EU prepares a banking union amidst financial ruins

UN chief sends condolences to families of Malawi flood victims

Here are four ways ASEAN can help entrepreneurs thrive – especially women

Brexit: With May gone the Tory divide is to sink the UK despite Brits wanting to ‘Remain’

Migration Crisis: how to open the borders and make way for the uprooted

FROM THE FIELD: Children in warzones denied right to education

What the world will look like after the Iran and 5+1 deal; the US emerges as major power broker in Middle East

Saudi Arabia: UN experts push for prompt release of women human rights defenders

4 essential qualities for digital leaders

Social Committee teaches Van Rompuy a lesson

European elections: A chance to repel both nationalism and no-deal Brexit

Will Merkel ever steer the EU migration Titanic and restore her power in Germany?

Charlotte in Ghana

The world invested almost $2 trillion in energy last year. These 3 charts show where it went

5G will drive Industry 4.0 in the Middle East and Africa

Social inclusion: how much should young people hope from the EU? 

Globalization is changing. Here’s how your business can adapt

Thursday’s Daily Brief: Ebola in DR Congo, malnutrition in Laos, baby health, support for Sahel force, #ClimateAction

The EU-US trade agreement, victim of right-wing extremists and security lunatics

MEPs vote for upgrade to rail passenger rights

Guatemala Dos Erres massacre conviction welcomed by UN human rights office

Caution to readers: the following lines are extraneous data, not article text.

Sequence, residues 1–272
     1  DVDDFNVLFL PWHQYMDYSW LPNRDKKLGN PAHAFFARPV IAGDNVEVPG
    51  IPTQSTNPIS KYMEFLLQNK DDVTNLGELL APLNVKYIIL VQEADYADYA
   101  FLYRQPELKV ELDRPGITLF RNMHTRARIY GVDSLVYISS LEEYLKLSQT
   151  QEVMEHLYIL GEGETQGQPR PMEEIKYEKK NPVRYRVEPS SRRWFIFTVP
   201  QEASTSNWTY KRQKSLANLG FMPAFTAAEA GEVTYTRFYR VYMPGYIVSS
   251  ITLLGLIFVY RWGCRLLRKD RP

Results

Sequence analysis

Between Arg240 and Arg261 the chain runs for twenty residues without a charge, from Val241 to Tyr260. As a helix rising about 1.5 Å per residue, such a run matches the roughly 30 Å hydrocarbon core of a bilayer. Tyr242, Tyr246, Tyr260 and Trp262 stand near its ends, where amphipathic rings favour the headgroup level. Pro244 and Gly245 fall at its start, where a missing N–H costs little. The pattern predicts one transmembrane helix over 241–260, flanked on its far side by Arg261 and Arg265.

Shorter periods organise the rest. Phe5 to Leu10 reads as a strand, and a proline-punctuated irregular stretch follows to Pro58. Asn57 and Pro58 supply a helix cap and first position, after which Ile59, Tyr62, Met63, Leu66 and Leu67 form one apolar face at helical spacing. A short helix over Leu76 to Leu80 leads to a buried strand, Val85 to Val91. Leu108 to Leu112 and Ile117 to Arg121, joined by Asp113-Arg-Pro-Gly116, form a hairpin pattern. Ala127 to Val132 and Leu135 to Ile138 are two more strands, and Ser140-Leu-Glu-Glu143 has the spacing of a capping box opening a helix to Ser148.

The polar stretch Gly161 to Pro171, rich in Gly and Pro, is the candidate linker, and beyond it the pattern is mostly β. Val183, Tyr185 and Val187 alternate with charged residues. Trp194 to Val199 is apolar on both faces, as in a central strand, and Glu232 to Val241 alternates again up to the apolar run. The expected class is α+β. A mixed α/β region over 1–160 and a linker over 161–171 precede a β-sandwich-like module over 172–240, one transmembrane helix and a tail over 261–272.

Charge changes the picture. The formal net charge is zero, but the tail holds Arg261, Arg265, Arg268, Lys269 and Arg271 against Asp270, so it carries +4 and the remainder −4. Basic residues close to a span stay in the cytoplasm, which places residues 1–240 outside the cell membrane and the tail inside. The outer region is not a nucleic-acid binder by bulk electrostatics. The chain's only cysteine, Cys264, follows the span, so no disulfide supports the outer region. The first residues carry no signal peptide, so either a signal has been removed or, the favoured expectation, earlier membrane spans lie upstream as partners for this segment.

‘Bring to life’ precious moments caught on film or tape, UN agency urges on World Day

Germany loses leading export place

Why is the EU launching a doomed policy in stopping immigrant waves? What are the real targets?

Tackling water scarcity: 4 ways to pull H20 out of thin air

Australia needs to intensify efforts to meet its 2030 emissions goal

European Labour Authority ready to start working in October as decision is taken on new seat

Alice in Colombia

The 28 EU leaders don’t touch the thorny issues

‘Historic moment’ for people on the move, as UN agrees first-ever Global Compact on migration

Ukrainian civil war: Is this the beginning of the end or the end of the beginning?

How drones can manage the food supply chain and tell you if what you eat is sustainable

“The Sea is vast as it admits all rivers”, Ambassador Yang Yanyi of the Chinese Mission to EU gives her farewell address in Brussels

India is investing more money in solar power than coal for first time

Global Citizen-Volunteer Internships

IMF asks Europe to decide on bank resolutions and the Greek Gordian knot

An economist explains the pros and cons of globalization

10th ASEM in Milan and the importance of being one: EU’s big challenge on the way to China

Ghana will grow faster than any other economy this year, the IMF says why

Amsterdam is developing a fleet of autonomous boats to reduce city traffic

5 futuristic ways to fight cyber attacks

In aftermath of Libya airstrike deaths, UN officials call for refugees and migrants to be freed from detention

Germany may prove right rejecting Commission’s bank resolution scheme

Lessons from dealing with the collapse of Lehman Brothers

The right approach to addressing overcapacity problem from a Chinese perspective

More Stings?

Speak your Mind Here

Fill in your details below or click an icon to log in:

WordPress.com Logo

You are commenting using your WordPress.com account. Log Out /  Change )

Google photo

You are commenting using your Google account. Log Out /  Change )

Twitter picture

You are commenting using your Twitter account. Log Out /  Change )

Facebook photo

You are commenting using your Facebook account. Log Out /  Change )

Connecting to %s